Hank Williams
Encyclopedia of World Biography | 2004
COPYRIGHT 2004 The Gale Group Inc.
Hank Williams
In his tragically short career, Hank Williams (1923-1953) became one of the most famous country and western performers in the United States. He wrote and recorded songs that are still considered to be country music standards.
Hiram King "Hank" Williams was born on September 17, 1923, near Mt. OliveAlabama, the third child born to Elonzo Huble and Lillian (Skipper) Williams. His father abandoned the family when Williams was a young child, spending many years at veterans' hospitals for various ailments. It therefore became the responsibility of his strong-willed mother to raise Williams and the other children. Williams attended SidneyLanier High School in Montgomery, but left school at the age of 16.
Raised as a Fundamentalist Baptist, Williams was steeped from his earliest childhood in the church's distinctive sermons and music. He remained fond of the fire and brimstone images, especially from the songs. His mother played the organ at Mt. Olive West Baptist Church. "My earliest memory," Williams told Rolling Stone writer Ralph J. Gleason, (as quoted by Williams' biographer Colin Escott), "is sittin' on that organ stool by her and hollerin'. I must have been five, six-years-old, and louder'n anybody else." Williams also found inspiration in black music. He learned to play the guitar in GreenvilleAlabama, from a street performer named Rufe Payne, known as Tee-Tot. "I was shinin' shoes and sellin' newspapers and following [him] around to get him to teach me to play the git-tar," Williams told Gleason. "I'd give him 15 cents, or whatever I could get ahold of for a lesson." Yet another musical inspiration for the lanky teenager were the ever-present sounds of traditional country music performers like the Carter family and Monroe brothers.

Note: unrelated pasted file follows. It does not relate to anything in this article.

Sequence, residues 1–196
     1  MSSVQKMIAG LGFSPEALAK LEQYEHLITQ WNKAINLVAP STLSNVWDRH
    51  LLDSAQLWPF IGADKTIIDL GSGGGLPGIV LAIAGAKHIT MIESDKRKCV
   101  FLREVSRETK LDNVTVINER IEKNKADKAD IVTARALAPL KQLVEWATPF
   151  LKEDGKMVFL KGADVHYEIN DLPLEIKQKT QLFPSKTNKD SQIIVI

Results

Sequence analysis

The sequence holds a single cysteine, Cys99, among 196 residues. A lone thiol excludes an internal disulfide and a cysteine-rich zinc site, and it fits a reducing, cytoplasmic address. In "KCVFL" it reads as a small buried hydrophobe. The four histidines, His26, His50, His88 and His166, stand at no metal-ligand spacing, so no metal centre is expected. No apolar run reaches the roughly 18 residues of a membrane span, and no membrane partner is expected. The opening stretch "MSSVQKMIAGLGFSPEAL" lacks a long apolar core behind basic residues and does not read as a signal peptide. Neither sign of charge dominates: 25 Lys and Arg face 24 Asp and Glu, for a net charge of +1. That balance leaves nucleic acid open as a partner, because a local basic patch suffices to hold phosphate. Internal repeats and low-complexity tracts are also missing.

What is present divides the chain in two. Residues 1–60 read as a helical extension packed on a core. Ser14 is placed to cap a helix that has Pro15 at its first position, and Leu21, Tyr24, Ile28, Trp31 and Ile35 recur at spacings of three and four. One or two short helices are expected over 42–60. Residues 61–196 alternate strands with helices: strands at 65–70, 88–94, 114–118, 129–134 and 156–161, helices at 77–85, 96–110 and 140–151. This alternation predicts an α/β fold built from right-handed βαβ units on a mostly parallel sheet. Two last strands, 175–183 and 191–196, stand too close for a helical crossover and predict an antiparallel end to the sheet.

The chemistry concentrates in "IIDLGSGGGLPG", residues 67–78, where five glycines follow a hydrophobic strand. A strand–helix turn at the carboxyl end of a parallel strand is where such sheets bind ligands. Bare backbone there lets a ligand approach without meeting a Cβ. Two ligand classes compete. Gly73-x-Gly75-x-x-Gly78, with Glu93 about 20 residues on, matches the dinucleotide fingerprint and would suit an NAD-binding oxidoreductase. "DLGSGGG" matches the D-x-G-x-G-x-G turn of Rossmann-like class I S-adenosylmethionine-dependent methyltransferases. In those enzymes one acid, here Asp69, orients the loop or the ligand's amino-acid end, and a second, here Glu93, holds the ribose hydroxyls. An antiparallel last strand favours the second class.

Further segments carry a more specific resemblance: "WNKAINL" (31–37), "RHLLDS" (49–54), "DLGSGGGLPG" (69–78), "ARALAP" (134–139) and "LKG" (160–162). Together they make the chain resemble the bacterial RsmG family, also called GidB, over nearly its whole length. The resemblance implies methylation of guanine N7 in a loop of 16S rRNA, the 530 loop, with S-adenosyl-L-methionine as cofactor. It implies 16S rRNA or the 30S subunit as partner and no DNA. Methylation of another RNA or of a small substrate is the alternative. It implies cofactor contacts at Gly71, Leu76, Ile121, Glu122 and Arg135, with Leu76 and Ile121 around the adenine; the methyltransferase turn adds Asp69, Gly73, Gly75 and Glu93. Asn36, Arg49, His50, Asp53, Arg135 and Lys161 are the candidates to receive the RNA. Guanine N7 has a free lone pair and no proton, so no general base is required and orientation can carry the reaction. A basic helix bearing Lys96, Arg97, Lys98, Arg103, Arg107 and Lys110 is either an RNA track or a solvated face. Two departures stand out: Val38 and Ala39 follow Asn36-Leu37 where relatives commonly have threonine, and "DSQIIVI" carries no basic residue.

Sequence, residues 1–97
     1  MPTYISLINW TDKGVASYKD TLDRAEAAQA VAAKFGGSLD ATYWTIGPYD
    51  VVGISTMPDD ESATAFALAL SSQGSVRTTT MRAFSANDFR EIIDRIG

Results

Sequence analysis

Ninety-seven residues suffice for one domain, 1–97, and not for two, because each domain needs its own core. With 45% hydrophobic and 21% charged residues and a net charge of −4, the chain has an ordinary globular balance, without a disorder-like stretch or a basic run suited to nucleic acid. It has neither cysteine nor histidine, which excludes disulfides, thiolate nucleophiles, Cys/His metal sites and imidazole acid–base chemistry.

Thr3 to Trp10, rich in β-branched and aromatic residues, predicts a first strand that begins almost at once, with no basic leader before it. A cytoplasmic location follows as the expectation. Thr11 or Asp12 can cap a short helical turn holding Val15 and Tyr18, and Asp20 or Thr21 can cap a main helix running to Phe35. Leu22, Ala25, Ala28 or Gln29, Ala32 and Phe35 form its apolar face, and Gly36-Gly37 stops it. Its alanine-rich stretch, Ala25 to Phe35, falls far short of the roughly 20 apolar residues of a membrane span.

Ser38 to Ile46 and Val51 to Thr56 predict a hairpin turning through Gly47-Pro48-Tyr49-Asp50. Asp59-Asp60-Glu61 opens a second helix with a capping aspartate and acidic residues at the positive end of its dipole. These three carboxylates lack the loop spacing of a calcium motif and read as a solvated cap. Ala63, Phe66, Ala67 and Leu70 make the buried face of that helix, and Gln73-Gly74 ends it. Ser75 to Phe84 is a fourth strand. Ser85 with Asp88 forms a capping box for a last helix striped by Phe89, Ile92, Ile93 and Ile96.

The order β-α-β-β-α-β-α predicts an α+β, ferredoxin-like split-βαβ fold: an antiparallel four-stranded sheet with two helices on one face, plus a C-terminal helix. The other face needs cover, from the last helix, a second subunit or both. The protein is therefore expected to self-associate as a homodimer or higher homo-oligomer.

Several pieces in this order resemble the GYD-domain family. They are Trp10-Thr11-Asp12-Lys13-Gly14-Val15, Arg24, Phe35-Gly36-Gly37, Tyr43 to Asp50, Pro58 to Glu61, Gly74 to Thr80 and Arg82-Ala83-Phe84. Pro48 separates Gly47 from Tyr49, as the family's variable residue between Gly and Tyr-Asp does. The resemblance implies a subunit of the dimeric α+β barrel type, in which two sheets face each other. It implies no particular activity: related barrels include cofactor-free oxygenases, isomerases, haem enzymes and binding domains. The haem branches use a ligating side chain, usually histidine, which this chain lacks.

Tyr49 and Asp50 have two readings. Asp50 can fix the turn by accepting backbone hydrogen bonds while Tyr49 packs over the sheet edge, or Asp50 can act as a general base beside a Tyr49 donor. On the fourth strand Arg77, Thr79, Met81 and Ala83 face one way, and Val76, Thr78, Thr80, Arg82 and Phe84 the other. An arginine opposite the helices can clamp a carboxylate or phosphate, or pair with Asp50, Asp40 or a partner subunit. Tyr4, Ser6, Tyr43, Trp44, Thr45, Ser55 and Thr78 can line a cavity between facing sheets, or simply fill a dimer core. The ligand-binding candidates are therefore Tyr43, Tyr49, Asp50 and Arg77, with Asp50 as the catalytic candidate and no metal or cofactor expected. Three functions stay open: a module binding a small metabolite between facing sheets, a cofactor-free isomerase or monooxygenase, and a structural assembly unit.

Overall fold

Early Career
Trying to break into the music business, Williams entered talent contests all over the country. He won $15 at the Empire Theater in Montgomery by performing what is probably the first song he wrote, "WPA Blues," a blues critique of President Franklin Roosevelt's Depression-era work program. Too sickly and skinny for the hard labor jobs of his peers, Williams honed his guitar and singing skills. In 1942, he managed to get his own weekly 15-minute show on Montgomery radio station WSFA. (In those days, radio programming was composed almost entirely of live acts.) Williams spent several years (the precise number varied wildly depending on who told it) at WSFA, eventually becoming a disk jockey. In Montgomery, Williams made his first recording, at Griffin's Radio Shop. Around this time, he organized his backup band, the Drifting Cowboys, who would play with him through most of his career.
In 1943, Williams met Audrey Mae Sheppard. At the age of 20, she was separated from her husband and a single mother. In a ceremony just ten days after her divorce became final, she and Williams were married before a justice of the peace at his gas station near AndalusiaAlabama in December 1944. With the help of his new bride, who took over his mother's motivating role, Williams traveled to Nashville. He was determined to build a successful career in the country music business.
In 1946, Williams earned a writer's contract after auditioning for Acuff-Rose publishing. He recorded his first session in December 1946, and the single "Calling You" was released in January 1947. The success of that record led to a one-year recording contract with MGM records in March 1947. His first MGM single, "Move It On Over," sold 108,000 copies in less than a year. His growing popularity enabled Williams to secure a position on a bigger radio show, the Louisiana Hayride, which was broadcast out of Shreveport,Louisiana. It was the biggest listening audience he had ever reached.
Big Break
Williams recorded "Lovesick Blues," from a 1922 musical called Oooh Ernest! "Lovesick Blues, a song that was neither country nor blues in origin, and not even from Hank's pen, gave him his breakthrough," Escott later wrote. "From the opening line, with its keening yodel adding a dramatic flourish to the word "blues," it was obvious that this was a performance—rather than a song—that was impossible to ignore. Hank's performance almost instilled the lyrics with meaning."